Eshitha Vaz, Population Health

“The course has shifted and tilted my perspectives as to what it means to be a student.”

Eshitha surfingEshitha Vaz was awarded one of the Study Abroad tuition fee free places at the University of Sydney.

At the University of Sydney, she got the chance to study Aboriginal Culture and History. Speaking on the impact of the course Eshitha said: “I feel I have become more culturally literate in the process and more aware of socio-political currents which have enhanced my career aspirations in turn.”

On her time in Australia, Eshitha added: “Certainly, the personal highlights of the time I spent in Australia were the friends I made and the places I got to visit. As recommended by our programme, I participated in a three-day ‘Surf Camp’ at Seven-Mile Beach in New South Wales where I learned how to surf. It was here that I formed my best friends throughout the trip, some of whom were studying at different Universities and schools in Sydney.”

“The landscape and natural beauty of Australia is undeniably powerful which is why I was so grateful that our timetable facilitated exploration. Two of my closest friends and I took a flight to Cairns, Queensland on a weekend and managed to go scuba diving and snorkelling at the Great Barrier Reef: one of the seven ‘Natural Wonders’ of the world and the world’s largest coral reef – an experience of a lifetime.”

Moiz Paracha, Chemical Engineering

“From Penguin Colonies to roaming through the Hout Bay, there is so much to do.”

moiz paracha in cape townMoiz Paracha was part of the first UCL outward mobility experience to the University of Cape Town, where he joined the Sustainable Water Management in Africa course.

On his time in South Africa, Moiz said: “This was honestly an amazing experience, not just on an educational level but also on a personal one. The willingness and desire they have to genuinely make a change to the country is really what caught my attention. The experience, in general, is very eye-opening. The type of new people you can meet and the calmer pace of life is a great cultural experience.”

Reflecting on the landscape, he added: “The beauty of the country is phenomenal. Overall if you’re even vaguely thinking about applying, go do it because it’s something you won’t regret.”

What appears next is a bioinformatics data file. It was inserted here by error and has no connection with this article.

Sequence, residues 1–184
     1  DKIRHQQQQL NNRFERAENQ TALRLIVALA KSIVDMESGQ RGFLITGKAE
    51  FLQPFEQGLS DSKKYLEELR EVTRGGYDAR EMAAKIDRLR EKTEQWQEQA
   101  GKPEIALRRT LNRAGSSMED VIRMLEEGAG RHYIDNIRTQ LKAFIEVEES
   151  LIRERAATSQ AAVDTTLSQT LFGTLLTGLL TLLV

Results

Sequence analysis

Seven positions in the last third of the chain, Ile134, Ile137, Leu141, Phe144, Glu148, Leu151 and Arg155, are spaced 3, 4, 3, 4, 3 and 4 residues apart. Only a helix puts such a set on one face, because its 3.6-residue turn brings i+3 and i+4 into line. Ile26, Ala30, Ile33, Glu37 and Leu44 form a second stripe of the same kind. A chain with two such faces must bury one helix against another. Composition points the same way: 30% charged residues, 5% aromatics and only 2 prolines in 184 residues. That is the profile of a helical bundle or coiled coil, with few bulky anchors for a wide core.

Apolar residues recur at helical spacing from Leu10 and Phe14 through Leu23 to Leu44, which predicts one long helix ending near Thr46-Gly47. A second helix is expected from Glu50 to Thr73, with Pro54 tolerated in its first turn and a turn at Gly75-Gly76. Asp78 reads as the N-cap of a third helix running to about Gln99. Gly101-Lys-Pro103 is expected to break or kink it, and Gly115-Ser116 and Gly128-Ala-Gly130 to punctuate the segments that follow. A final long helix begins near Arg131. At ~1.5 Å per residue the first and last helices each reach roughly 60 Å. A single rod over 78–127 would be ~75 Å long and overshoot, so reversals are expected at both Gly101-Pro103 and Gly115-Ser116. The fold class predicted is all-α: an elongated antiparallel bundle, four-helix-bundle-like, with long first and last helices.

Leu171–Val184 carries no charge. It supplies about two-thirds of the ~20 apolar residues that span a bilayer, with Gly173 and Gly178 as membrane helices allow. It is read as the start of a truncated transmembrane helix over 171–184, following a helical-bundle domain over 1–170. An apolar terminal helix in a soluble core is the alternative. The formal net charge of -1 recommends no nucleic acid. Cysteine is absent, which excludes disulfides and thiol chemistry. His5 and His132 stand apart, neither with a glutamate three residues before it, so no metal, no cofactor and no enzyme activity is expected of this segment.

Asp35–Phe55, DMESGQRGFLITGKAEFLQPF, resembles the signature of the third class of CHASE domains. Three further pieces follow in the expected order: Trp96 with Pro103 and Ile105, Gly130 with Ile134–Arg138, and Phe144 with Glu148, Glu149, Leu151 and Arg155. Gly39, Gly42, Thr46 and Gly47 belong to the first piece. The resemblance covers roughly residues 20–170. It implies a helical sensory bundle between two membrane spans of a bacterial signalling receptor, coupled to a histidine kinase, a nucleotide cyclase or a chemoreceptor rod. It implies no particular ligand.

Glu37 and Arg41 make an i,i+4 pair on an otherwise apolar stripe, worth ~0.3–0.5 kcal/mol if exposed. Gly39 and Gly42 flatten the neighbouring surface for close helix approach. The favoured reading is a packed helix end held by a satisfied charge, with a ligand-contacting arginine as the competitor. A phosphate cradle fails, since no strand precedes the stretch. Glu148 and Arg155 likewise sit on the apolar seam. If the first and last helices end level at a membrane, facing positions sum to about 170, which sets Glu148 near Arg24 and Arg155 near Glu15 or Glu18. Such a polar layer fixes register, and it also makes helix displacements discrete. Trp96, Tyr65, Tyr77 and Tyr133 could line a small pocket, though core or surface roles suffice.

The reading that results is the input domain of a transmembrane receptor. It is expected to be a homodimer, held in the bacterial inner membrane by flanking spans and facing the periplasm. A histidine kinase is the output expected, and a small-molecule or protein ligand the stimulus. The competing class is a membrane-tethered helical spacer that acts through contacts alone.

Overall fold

To find out more about what opportunities are available to you and to read more student testimonials, visit the UCL Study Abroad website and follow them on Twitter @UCLcares.

Data visualisations courtesy of GEO’s Strategic Data Manager, Alejandro Moreno

Hola Colombia!

zchaael17 August 2017

abdul-elmi_testAbdul is a fourth-year UCL medical student and President of the UCLU Somali Society

I’m sitting here writing my first ever blog thinking about where should I start. I suppose the logical place to start is the point at when this opportunity became a reality.

A few weeks ago, I was in Saudi, trying to withstand the blazing heat, feeling tired, fasting and doing all of this without Wi-Fi. I returned to my hotel room from the Great Holy Mosque of Saudi to an email notifying me that I had been selected to represent UCL at the One Young World (OYW) Summit in Bogotá, Colombia in October.

One Young World

Attending the summit has been a burning desire of mine this past year. One Young World brings together young leaders from around the world, empowering them to make lasting connections to create positive change. It is a once in a lifetime opportunity and with this in mind I would like to take this opportunity to thank UCL for making this possible.

February Fundraiser

My desire to effect positive change in the world really took flight earlier this year when I became heavily involved in a range of fundraising initiatives and events to raise money for the Somali Drought Appeal. Through the February Fundraiser, a student-led initiative organised by Somali Youth for Integrity (SYFI) bringing together Somali societies from different institutions, including UCL, we managed to raise £120,000 for the Somali drought. The organisations united under a common goal, to provide aid to those suffering at the hands of the worst humanitarian crisis since World War Two.

UCLU Somali Society, in particular, organised a series of successful fundraising initiatives for the February Fundraiser. The highlight was Inspire, where we managed to raise £40,000, in collaboration with Elays Network and Bright Education Centre. After this event, I was surprised to see how many UCL students got involved with the cause.

The UCL BME (Black & Minority Ethnic) Students’ Network allowed the Somali Society to fundraise at the end of the Black Lives Matter events. As a result of this opportunity, we managed to raise an extra £2,000. This was an eye-opening experience as it allowed me to see first-hand the potential we possess as students and that if we work together we can achieve anything.

Copyright Human Appeal, which ran the provided emergency food relief to drought affected internally displaced people
The outcome

The money raised during the February Fundraiser, in collaboration with UK charity Human Appeal, provided emergency food relief to drought affected internally displaced people and host communities. It also provided clean and safe water to vulnerable households in Dolow and Luuq districts. The project will rehabilitate community owned water infrastructure to improve suitability and ownership as well as improve hygiene awareness and enhance the food security of vulnerable households.